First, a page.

< Earlier Kibitzing · PAGE 4 OF 4 ·
|Jan-28-06|| ||Gregor Samsa Mendel: This game was played during a radio match between the USA and USSR. The USSR won, 15 1/2 to 4 1/2.|
|Jan-28-06|| ||adultpawnography: <Wannabe:
"Golden Age of Radio"
USA vs USSR radio match 1945
Golden Age of Radio 1935-1950. >
|Jan-28-06|| ||EmperorAtahualpa: What a spectacular game! A lot of fireworks back and forth..|
Here's a link concerning the Golden Age of Radio:
|Jan-28-06|| ||Ulhumbrus: One tiny little alteration- developing the white king's bishop by g3 and Bg2 may turn the assessment upside down and give White the advantage instead of Black. A true evaluation should not be reversed by such tiny alterations, as it should have taken account of all of them.|
|Jan-28-06|| ||MayanKing: I had the honour to play Sammy at El Segundo Chess Club in 1979. He won, in fact, he beat us all in the simul. I treasure the photo I took with Sammy.|
|Jan-28-06|| ||kevin86: Black's sharp moves make white's game collapse like a deck of cards.|
The final position is not really a fork,but a mating attack along the h-file
|Mar-15-06|| ||alexandrovm: black's attack is irresistible|
|Oct-02-06|| ||bernardchinshin: Any comments on this line?
After 21...Rxh2 22. Kxh2 Rh8 23. Bh6, could someone demonstrate the win please?
I also do not understand why 19 Bxd3 is not playable.
|Oct-02-06|| ||bernardchinshin: Sorry, I meant Why is 20. Bd3 not playable?
|Oct-19-06|| ||keypusher: <bernardchinshin> In the first line, I think you mean 22...Rxh2+ 23. Kxh2 Rh8+ 24. Bh6. Black responds 24...Qxf4 and the bishop cannot retake, since it is pinned to the king.|
20. Bxd3 is tougher. Maybe 20...Ne5 21. Be2 Bc5+ 22. Kh1 Rxh2+ 23. Kxh2 Rh8+ 24. Nh5 Rxh5+ 25. Kg3 Rxg5+ and Black is winning. But I don't have a board, so there is probably something wrong somewhere. Does anyone have Botvinnik's <100 Selected Games>?
|Nov-23-06|| ||Manic: <bernardchinshin> and <keypusher> doesn't 20...Bc5+ win after 20.Bxd3?|
|Nov-23-06|| ||nescio: <Manic: doesn't 20...Bc5+ win after 20.Bxd3?> |
Interesting. It is far from clear to me after 20.Bxd3 Bc5+ 21.Kh1 Rxh2+ 22.Kxh2 Rh8+ 23.Bh7, so 20...Qc5+ and 21...Qxg5 may be simpler.
|Aug-28-08|| ||dwavechess: 80% concur for Botvinnik with rybka 2.3.2 at 14 ply.|
|Sep-11-08|| ||dwavechess: 84%!! concur climbs for Botvinnik using Rybka 3 w32 at 3 minutes per move.|
|Sep-15-08|| ||dwavechess: Most rybkalike playing for black by Botvinnik from thousands of games I put Rybka to analysis|
|Apr-18-09|| ||plang: Botvinnik had recent experience in this line having won games against Lilienthal and Mikenas at the 1944 USSR Championship. Both had played 11 g3. It is not clear what Denker's idea was with 12 Be2? A summarization of the advantages of 12 g3 from Wells
book "The Complete Semi-Slav": The h-pawn is covered down the diagonal, the f4 square is guarded, the Bishop is not vulnerable to ..Ne5 at any stage, the g-file is neutralized and the Queen has access to h5." Kasparov recommended 14 Bf3 as an improvement over 14 a4?!..b4 15 Ne4..c5 which gave Black a tempo attacking the Knight. If 21 Be3 the 23..d2 wins.|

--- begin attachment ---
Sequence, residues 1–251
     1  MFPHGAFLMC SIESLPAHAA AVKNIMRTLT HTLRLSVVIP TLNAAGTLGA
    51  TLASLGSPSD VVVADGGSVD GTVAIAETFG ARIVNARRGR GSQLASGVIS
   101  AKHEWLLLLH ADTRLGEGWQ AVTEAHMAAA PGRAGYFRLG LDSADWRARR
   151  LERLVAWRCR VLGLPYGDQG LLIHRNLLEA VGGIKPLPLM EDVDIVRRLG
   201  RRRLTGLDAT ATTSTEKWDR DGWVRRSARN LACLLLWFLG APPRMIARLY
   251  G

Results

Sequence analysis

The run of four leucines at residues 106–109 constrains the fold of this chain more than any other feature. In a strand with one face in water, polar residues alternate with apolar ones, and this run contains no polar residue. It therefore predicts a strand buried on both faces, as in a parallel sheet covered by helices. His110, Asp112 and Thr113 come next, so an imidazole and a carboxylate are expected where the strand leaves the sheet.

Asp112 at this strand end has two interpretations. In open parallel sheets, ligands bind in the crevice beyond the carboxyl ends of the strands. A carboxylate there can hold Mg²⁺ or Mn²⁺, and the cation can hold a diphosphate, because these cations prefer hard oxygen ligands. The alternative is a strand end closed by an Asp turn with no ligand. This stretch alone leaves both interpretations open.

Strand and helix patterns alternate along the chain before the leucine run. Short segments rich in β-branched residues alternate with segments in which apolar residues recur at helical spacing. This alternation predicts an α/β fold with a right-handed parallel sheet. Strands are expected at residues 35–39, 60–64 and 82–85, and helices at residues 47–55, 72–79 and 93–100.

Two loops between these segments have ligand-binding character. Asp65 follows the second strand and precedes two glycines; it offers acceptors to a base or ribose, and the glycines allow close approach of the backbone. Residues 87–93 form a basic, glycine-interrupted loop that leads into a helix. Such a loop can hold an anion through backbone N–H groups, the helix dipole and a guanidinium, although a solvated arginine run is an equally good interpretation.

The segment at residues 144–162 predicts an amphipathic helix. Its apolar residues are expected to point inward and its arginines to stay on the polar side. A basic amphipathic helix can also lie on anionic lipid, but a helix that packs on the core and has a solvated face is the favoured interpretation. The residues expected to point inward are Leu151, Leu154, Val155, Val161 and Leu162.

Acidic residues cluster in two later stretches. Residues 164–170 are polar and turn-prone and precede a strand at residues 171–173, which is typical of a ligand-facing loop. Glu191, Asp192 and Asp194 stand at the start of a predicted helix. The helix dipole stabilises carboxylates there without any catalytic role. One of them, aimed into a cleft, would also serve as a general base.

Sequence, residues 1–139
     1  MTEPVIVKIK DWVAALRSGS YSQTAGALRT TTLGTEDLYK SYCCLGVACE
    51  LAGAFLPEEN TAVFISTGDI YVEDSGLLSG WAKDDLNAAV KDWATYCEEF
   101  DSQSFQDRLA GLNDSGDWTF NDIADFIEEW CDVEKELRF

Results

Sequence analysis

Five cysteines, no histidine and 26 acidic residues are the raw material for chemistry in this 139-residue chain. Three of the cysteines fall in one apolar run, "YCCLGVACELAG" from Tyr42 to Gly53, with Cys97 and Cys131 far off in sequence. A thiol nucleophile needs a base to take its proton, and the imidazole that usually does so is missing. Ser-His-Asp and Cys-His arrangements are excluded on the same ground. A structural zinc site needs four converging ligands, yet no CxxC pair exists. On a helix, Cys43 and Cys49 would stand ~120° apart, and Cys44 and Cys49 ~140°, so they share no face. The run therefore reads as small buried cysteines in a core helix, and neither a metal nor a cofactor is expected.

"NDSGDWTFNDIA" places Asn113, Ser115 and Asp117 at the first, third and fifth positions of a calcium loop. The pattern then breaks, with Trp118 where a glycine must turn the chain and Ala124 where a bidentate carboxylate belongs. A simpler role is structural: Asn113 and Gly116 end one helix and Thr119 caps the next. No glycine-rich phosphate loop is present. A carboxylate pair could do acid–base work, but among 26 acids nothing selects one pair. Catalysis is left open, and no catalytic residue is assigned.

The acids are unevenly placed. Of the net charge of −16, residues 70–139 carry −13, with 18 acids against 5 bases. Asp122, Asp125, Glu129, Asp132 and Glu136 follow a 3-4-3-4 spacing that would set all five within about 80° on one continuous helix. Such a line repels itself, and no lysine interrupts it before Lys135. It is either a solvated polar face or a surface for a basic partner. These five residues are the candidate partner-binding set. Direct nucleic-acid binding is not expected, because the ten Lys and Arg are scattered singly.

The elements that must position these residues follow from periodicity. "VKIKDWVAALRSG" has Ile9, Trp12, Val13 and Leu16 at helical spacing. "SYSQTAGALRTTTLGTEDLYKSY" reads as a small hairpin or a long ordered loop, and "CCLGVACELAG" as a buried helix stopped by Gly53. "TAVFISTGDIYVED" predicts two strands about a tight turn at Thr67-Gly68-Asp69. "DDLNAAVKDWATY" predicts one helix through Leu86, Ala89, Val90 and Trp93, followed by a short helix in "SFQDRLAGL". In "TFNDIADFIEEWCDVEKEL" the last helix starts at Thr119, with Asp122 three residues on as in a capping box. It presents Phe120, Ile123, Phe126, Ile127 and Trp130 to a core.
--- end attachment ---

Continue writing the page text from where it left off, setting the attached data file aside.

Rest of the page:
|May-11-09|| ||keypusher: When Botvinnik died in 1995 Byrne annotated this game in the New York Times.|
|May-12-09|| ||AnalyzeThis: If you didn't know this game, you might have thought it was played today. The entire game has a completely 'modern' look to it.|
|May-12-09|| ||shalgo: <plang> <Lilienthal and Mikenas at the 1944 USSR Championship. Both had played 11 g3. It is not clear what Denker's idea was with 12 Be2?>|
Chess information traveled slowly in those days. It is entirely possible that Denker was not familiar with those games. All other games played in this line before 1945 involved White playing Be2 and/or Qf3. Denker was just playing (outdated) theory, as he understood it.
|May-12-09|| ||AnalyzeThis: That's a really intesting point. Botvinnik was able to get his bishop to the long diagonal first, so that white couldn't play g3 later.|
|May-12-09|| ||WhiteRook48: creepy|
|Nov-26-09|| ||Fusilli: |
click for larger view
19...d3! and Black is probably winning, right there.
<Manic> and others. The pawn is untouchable. If 20.Bxd3, Qc5+ wins the g5 Bishop.
|Mar-17-10|| ||shamat1: the botvinnik system is a bit complicated!xD|
|May-18-10|| ||sisyphus: There is no talk about 12...Qb6. In the same position, I play 12.Nxf6, which has a good record as well as the favor of Fritz. Is it not superior? Or perhaps only if Black is willing to forego castling?|
|May-28-10|| ||sisyphus: IM Bill Hartston annotates this in his "Kings of Chess." After 12...Qb6 he writes|
<Subsequently this whole opening variation became known as the Botvinnik System, thanks to his success in this and other games. It must have all come as a great surprise to Denker, though Botvinnik had already played it in a training game with his sparring partner Ragozin and in another Moscow championship game. In his annotations to the present game, Botvinnik wrote: "You get the feeling that my opponent is a very long way from Moscow and that nobody in New York has warned Denker that you don't play this variation against Botvinnik.">
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